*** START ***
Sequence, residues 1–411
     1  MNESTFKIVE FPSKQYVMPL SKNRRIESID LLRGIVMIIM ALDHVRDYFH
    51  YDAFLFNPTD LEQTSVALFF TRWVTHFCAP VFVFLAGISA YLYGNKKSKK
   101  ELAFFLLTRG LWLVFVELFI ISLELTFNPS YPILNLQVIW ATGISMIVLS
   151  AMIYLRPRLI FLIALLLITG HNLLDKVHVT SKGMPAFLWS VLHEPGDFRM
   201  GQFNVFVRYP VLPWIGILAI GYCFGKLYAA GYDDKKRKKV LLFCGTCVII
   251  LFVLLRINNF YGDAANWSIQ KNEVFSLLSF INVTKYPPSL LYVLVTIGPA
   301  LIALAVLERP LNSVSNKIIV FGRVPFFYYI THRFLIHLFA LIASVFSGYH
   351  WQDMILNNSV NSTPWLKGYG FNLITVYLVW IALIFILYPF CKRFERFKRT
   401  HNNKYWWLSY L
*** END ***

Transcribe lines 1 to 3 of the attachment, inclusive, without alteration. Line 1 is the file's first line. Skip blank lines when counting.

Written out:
Sequence, residues 1–411
     1  MNESTFKIVE FPSKQYVMPL SKNRRIESID LLRGIVMIIM ALDHVRDYFH
    51  YDAFLFNPTD LEQTSVALFF TRWVTHFCAP VFVFLAGISA YLYGNKKSKK